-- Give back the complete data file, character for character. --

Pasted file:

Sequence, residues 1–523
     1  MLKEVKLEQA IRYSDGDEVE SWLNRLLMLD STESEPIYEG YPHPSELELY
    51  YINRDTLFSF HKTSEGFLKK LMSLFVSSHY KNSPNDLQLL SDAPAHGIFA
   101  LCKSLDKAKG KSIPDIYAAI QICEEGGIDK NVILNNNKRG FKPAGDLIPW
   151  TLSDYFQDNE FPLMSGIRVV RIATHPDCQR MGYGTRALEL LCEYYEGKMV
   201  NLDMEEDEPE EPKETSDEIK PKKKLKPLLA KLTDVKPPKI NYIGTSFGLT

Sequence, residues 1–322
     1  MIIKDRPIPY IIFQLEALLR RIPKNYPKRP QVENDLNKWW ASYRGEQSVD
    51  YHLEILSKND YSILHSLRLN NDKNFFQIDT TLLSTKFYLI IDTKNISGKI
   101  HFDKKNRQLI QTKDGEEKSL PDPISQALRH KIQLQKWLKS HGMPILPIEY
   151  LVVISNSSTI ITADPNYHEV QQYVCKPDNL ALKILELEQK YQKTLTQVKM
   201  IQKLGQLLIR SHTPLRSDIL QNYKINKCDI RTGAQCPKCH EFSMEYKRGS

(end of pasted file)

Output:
Sequence, residues 1–523
     1  MLKEVKLEQA IRYSDGDEVE SWLNRLLMLD STESEPIYEG YPHPSELELY
    51  YINRDTLFSF HKTSEGFLKK LMSLFVSSHY KNSPNDLQLL SDAPAHGIFA
   101  LCKSLDKAKG KSIPDIYAAI QICEEGGIDK NVILNNNKRG FKPAGDLIPW
   151  TLSDYFQDNE FPLMSGIRVV RIATHPDCQR MGYGTRALEL LCEYYEGKMV
   201  NLDMEEDEPE EPKETSDEIK PKKKLKPLLA KLTDVKPPKI NYIGTSFGLT

Sequence, residues 1–322
     1  MIIKDRPIPY IIFQLEALLR RIPKNYPKRP QVENDLNKWW ASYRGEQSVD
    51  YHLEILSKND YSILHSLRLN NDKNFFQIDT TLLSTKFYLI IDTKNISGKI
   101  HFDKKNRQLI QTKDGEEKSL PDPISQALRH KIQLQKWLKS HGMPILPIEY
   151  LVVISNSSTI ITADPNYHEV QQYVCKPDNL ALKILELEQK YQKTLTQVKM
   201  IQKLGQLLIR SHTPLRSDIL QNYKINKCDI RTGAQCPKCH EFSMEYKRGS